Will Syria use chemical weapons against foreigners?
The past week of fighting in Syria has escalated international pressure on President Bashar al-Assad. Syrian officials now say they won't use their biological and chemical weapons 'unless Syria faces external aggression.'
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"The expectation that the regime is out of firepower or collapsing right now is misplaced."Skip to next paragraph
In Pictures Reaching a critical juncture in Syria
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But Assad's forces have lost ground outside cities, ceding control of four border posts on the Turkish and Iraqi borders.
Sky Television footage from the town of Azaz close to the border with Turkey showed rebel fighters parading through streets firing triumphantly after a prolonged battle with government forces.
In Aleppo, activists said thousands of residents fled the rebel-held districts of Al-Haideriya, Hanano and Sakhour after army shelling and clashes between rebels and government forces in which activists said three government tanks were destroyed.
A video posted by activists showed families crammed into taxis, vans and the back of trucks trying to flee. Dozens of other families set out on foot, carrying plastic bags with their belongings.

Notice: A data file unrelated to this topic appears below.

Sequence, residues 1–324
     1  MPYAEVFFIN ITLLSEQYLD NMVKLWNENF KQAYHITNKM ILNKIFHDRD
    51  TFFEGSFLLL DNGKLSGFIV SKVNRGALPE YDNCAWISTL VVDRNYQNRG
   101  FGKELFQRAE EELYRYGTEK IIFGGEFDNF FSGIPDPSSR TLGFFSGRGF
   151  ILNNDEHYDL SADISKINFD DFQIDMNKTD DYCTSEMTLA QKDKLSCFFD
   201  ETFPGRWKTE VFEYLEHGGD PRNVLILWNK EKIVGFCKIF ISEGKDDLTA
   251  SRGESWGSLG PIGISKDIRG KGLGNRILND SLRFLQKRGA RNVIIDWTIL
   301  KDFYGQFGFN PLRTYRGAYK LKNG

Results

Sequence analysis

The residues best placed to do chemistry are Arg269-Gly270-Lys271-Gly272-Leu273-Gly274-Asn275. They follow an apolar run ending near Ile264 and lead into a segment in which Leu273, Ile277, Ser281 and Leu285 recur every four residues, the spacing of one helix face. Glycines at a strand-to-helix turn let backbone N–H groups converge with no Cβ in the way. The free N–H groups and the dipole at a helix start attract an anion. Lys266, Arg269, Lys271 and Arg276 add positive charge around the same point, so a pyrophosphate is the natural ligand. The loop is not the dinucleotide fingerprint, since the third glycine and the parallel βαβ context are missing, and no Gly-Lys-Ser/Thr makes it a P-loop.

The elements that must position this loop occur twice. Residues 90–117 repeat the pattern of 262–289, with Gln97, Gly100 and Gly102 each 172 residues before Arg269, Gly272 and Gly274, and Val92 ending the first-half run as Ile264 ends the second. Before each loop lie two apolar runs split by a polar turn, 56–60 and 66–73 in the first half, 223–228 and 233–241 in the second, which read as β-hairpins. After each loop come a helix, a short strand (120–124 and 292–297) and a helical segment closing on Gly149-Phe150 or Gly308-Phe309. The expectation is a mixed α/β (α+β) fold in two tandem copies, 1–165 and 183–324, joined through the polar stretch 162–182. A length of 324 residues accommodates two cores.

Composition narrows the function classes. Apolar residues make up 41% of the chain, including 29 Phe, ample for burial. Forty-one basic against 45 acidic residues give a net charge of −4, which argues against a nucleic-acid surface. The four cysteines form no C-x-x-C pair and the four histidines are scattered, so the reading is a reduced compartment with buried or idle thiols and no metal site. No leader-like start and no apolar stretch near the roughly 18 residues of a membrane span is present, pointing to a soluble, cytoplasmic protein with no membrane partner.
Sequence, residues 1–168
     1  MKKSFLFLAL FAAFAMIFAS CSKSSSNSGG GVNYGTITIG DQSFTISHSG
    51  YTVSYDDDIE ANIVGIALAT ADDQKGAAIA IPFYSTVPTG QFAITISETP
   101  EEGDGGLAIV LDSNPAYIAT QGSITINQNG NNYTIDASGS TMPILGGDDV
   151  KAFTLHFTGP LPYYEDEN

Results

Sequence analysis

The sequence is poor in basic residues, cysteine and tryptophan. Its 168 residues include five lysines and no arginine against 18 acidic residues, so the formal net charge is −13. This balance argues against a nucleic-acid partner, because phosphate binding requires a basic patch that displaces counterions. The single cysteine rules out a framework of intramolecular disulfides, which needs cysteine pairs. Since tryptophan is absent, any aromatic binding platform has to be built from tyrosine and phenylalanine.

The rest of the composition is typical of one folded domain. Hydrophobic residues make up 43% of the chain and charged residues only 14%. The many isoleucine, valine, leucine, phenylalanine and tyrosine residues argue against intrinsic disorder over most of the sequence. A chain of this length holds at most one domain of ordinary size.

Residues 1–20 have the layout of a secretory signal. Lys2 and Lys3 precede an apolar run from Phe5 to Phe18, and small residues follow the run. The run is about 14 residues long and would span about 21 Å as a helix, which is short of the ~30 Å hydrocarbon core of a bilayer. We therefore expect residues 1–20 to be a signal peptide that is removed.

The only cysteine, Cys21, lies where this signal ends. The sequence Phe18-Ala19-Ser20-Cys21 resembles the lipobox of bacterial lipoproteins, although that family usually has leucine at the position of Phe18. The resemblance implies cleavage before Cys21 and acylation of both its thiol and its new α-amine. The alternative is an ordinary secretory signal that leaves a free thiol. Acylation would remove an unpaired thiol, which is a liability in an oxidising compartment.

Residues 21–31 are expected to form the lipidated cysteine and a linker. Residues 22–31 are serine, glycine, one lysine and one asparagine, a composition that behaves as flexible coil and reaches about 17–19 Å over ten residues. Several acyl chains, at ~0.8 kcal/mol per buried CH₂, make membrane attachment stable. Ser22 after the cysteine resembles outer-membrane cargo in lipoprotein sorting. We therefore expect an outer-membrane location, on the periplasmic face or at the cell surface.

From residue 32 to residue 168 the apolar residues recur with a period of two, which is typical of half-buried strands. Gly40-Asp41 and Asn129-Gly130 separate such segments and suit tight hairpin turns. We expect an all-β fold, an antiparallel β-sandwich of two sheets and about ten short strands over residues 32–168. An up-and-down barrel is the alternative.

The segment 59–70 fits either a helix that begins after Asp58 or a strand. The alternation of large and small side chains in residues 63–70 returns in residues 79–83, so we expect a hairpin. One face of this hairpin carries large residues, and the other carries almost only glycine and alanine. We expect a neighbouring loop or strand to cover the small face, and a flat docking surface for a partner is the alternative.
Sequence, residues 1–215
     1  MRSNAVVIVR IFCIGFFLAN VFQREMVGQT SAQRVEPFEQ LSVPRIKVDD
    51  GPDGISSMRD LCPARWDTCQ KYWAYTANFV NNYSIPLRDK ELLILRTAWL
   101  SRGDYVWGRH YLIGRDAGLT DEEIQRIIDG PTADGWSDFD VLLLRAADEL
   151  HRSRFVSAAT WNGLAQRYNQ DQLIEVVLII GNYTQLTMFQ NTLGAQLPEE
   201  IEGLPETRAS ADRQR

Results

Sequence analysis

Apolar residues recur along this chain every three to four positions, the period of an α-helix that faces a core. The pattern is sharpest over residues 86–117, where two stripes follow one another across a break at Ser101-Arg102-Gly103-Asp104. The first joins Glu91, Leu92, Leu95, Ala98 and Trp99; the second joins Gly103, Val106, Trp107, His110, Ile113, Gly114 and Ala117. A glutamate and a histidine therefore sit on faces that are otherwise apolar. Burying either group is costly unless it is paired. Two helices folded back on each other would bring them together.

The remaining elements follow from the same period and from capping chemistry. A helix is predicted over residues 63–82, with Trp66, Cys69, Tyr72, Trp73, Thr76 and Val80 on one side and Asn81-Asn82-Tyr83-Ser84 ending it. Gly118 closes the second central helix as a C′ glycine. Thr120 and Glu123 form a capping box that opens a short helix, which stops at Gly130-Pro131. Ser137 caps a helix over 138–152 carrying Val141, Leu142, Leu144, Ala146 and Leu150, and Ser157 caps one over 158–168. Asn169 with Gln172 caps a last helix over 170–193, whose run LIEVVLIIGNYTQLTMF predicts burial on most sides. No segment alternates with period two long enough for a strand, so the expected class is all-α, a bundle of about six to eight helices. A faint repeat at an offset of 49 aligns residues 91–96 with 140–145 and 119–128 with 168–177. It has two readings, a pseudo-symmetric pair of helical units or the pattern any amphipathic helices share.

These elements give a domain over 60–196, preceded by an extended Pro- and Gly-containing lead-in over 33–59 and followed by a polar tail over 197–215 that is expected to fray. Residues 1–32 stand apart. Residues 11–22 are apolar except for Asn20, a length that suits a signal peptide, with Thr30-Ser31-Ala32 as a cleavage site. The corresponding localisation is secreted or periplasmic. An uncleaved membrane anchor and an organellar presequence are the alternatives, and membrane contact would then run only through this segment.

"This is a large-scale hit-and-run battle. The whole point is to bleed the regime dry. It is a very long fight, and it will be especially long in Aleppo," said a spokesman from the Islamist rebel group the Battalions for the Free Men of Syria.
The fighting in Damascus, Aleppo and the eastern city of Deir al-Zor has been some of the fiercest yet and showed Assad's determination to avenge last Wednesday's bomb attack, the most spectacular blow of the uprising.
Activists reported clashes on Monday in the Damascus districts of Qadam and Kafr Sousseh. Rebel sources say the guerrilla fighters in the capital may lack the supply lines to remain there for long and may have to make tactical withdrawals.
In the northeast district of Qaboun, where Assad's forces pushed fighters back in recent days, most streets were empty, said a resident reached by telephone who visited the area from another part of Damascus. A few people were returning to check on homes, some of which were destroyed.
"I came just to pick up some of my family's belongings, I am not returning for now," one woman told the visitor at her empty-looking four-storey building.
Groups of men were removing bodies from underneath the rubble of one building. "We have removed 25 bodies so far from this area, we are burying them quickly," one said.
An activist said 24 bodies had been found outside the capital in the Daraya district of the countryside on Monday, and that they appeared to be fighters who had been executed.
The accounts could not be verified independently; Syria restricts access by journalists.
The Syrian Observatory for Human Rights, which compiles reports from anti-Assad activists, said 1,261 people had been killed across Syria since last Sunday when fighting escalated in Damascus, making it by far the bloodiest week in an uprising activists say has claimed at least 18,000 lives.
(Additional reporting by Suleiman al-Khalidi in Antakya, and Matt Spetalnick and Warren Strobel in Washington; Writing by Dominic Evans; Editing by Peter Graff and Peter Cooney)